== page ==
What is your Fierce Word?
Here are some that others have chosen:
equality, joy, fierce, passion, mirror, truth, spirit, queen, empathy, transformation, thrawn*…
These words were selected for their ability to empower. The women who chose them are the writers and spoken word performers who together form the Women with Fierce Words collective, a group that counts among its numbers two Scottish Poetry Slam Finalists, four poetry slam winners, several novelists, actresses, musicians and playwrights. Many have been published nationally and internationally.
On Friday 25 May Women with Fierce Words will be performing at Leith’s Hidden Door Festival, reflecting on life on their terms, their way, in ‘a cocktail of spoken word, film and music.’
At Edinburgh’s 2016 Fringe the writer, poet and digital artist LA Traynor was challenged by Capture Scotland to produce a piece of art representing the first day of the Festival. She invited all poets or writers to meet her in front of the Scottish Poetry Library to read a short piece. Only people who identified as women turned up.
As a performer herself, one of Traynor’s growing concerns was how much women self-censored when reading in public – so she asked everyone who came along to stop changing their work to please/placate others, choose their ‘Fierce Word’, one that empowered them or someone else, write it onto a piece of canvas and sign it. These canvases were displayed as part of the art work.
Traynor was so inspired by the quality and variety of the women’s poetry, and of the bond that quickly developed between them, that she produced an anthology, Women with Fierce Words, published by Kevin Cadwallender of House Press. The first edition sold out in ten days; a third edition is currently going to press.
At the book’s launch in Glasgow, aid worker and collective member Catriona Knapman described Women with Fierce Words as;
‘one of the most positive and encouraging poetry events I’ve ever taken part in’
Catriona focused on literacy, pointing out that two thirds of the world’s illiterate adults are women. Other contributors explored and celebrated issues important to them, from the role of women working in traditional ‘male’ industries to sexual consent, transitioning, fashion and post-traumatic stress disorder.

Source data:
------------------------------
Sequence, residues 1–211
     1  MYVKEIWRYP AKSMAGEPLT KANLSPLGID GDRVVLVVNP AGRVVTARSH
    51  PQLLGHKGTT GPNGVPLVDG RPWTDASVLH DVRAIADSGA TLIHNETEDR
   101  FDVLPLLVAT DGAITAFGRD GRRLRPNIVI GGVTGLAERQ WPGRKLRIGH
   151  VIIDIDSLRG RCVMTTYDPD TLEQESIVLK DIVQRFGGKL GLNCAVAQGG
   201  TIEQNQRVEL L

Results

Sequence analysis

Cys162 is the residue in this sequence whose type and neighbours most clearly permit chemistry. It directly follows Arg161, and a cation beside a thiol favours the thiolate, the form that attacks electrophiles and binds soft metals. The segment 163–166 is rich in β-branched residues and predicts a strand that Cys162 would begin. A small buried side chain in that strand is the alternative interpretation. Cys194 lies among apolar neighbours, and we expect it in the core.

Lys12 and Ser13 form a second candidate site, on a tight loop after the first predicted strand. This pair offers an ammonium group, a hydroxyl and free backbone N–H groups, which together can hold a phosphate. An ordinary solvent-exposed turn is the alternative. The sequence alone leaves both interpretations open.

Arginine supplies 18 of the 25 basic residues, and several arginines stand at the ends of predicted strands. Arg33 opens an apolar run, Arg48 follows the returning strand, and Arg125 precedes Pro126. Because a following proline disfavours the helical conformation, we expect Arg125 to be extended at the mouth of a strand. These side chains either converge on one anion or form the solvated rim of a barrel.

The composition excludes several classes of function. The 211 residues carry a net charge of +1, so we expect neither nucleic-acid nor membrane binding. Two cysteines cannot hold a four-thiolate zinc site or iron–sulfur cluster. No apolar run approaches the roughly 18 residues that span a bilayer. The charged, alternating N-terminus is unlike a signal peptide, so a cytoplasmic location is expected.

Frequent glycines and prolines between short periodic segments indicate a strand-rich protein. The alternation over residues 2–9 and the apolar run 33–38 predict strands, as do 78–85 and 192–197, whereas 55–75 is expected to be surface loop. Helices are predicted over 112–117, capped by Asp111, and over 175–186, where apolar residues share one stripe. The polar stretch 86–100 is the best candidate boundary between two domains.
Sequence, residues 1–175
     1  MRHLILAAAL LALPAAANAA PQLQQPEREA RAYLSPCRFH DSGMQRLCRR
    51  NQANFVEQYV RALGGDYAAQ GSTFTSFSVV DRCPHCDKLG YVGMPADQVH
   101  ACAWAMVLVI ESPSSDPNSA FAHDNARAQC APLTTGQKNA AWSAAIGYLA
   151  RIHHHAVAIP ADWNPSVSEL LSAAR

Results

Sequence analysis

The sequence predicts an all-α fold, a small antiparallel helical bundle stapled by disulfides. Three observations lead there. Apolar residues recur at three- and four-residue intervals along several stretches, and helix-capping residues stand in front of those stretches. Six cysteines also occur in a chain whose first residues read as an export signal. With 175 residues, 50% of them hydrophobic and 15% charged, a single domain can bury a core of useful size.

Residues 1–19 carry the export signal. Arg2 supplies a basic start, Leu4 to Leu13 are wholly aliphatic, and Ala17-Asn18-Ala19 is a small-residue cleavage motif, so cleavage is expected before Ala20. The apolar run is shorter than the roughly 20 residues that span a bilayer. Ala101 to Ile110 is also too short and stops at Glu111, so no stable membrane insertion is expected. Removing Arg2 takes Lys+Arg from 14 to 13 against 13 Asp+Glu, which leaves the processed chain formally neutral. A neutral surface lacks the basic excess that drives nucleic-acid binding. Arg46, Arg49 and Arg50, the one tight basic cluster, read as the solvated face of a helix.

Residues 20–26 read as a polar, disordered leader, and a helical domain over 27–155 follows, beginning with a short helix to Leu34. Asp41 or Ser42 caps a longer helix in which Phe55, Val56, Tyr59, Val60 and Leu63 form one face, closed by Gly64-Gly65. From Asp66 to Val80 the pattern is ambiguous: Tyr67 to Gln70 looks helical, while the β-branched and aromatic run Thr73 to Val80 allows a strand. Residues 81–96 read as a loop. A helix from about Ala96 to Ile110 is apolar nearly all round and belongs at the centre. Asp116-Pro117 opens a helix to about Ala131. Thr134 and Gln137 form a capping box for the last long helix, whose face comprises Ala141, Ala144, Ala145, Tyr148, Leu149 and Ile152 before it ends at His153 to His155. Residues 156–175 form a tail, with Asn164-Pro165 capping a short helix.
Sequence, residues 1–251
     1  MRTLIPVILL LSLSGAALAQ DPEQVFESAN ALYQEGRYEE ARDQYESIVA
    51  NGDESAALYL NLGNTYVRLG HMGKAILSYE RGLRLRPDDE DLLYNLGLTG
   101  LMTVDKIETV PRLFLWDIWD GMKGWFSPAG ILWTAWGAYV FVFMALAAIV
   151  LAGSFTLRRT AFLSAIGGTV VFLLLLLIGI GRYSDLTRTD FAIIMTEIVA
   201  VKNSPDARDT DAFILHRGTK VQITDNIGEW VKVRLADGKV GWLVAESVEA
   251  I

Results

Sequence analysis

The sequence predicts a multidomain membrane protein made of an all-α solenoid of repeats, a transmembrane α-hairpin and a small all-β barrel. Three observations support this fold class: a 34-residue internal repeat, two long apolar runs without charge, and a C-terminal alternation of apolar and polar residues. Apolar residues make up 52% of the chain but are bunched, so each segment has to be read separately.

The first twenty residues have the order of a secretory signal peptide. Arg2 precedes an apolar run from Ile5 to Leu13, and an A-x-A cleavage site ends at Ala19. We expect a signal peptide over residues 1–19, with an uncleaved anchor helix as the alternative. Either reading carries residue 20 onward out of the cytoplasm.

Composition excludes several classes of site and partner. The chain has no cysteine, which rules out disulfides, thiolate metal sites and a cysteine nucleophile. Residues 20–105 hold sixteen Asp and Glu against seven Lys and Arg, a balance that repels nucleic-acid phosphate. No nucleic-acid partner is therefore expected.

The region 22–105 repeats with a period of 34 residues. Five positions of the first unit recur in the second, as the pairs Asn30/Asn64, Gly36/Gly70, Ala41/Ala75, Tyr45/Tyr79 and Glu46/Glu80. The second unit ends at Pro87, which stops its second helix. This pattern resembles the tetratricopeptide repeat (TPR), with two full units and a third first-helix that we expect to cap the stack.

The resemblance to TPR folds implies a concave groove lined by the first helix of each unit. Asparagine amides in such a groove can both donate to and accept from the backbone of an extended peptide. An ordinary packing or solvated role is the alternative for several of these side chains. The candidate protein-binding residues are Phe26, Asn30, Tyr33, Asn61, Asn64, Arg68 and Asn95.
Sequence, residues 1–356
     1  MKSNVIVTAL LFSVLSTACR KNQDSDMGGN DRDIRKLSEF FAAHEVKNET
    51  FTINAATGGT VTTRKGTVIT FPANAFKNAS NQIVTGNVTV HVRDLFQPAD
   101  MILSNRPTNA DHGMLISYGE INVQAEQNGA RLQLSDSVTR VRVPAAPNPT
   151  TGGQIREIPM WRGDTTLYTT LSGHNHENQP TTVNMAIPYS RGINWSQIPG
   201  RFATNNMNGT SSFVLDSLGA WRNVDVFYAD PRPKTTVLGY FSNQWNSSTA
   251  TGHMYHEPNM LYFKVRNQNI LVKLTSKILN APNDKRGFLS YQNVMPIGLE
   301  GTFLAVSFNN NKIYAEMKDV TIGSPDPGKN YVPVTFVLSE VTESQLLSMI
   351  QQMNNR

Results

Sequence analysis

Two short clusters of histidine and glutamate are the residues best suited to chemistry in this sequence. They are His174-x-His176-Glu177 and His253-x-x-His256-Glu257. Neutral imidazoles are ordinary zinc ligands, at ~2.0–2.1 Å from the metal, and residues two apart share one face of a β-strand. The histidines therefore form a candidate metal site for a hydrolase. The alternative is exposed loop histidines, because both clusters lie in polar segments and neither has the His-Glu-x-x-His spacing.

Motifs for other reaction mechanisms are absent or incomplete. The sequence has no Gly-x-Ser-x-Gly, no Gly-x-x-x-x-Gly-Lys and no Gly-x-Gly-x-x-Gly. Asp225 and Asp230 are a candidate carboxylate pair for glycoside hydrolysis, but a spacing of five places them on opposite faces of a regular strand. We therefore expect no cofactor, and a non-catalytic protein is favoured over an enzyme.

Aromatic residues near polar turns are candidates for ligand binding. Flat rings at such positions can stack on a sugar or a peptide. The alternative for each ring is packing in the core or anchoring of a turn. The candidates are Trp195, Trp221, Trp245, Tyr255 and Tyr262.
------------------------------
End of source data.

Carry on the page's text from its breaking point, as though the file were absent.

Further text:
The evening was so successful that it won Tartan Tights’ Event of the Year award. Having performed on television and radio, at the Electric Fields Festival and One Weekend in Falkirk, and opened 2018 World Community Arts Day in Edinburgh, the collective is now working with the National Library of Scotland’s Film Archive.
As group member, writer and performance poet Nancy Lippold-Ingram says;
‘Fierce words can change the world.’
Come and see Women with Fierce Words; find your word and let it change yours.
Women with Fierce Words, 7.45-8.30pm, Friday 25 May at Hidden Door, State Cinema, Great Junction Street.
Hidden Door is a volunteer-run, not for profit, arts organisation aiming to open up urban spaces as a platform for new and emerging artists, musicians, theatre makers, film makers and poets. The 2018 Hidden Door Festival will run 25 May-3 June, with ten days and nights of music, theatre, visual art, film, dance, spoken word, late-night DJs and special events. This year there will be two main venues, Leith Theatre, Ferry Road, and the former State Cinema in Great Junction Street.
For ticket details visit http://hiddendoorblog.org/tickets/ or call in at the Fringe Festival Box Office on the Royal Mile.
*‘perverse, ill-tempered (Scottish)’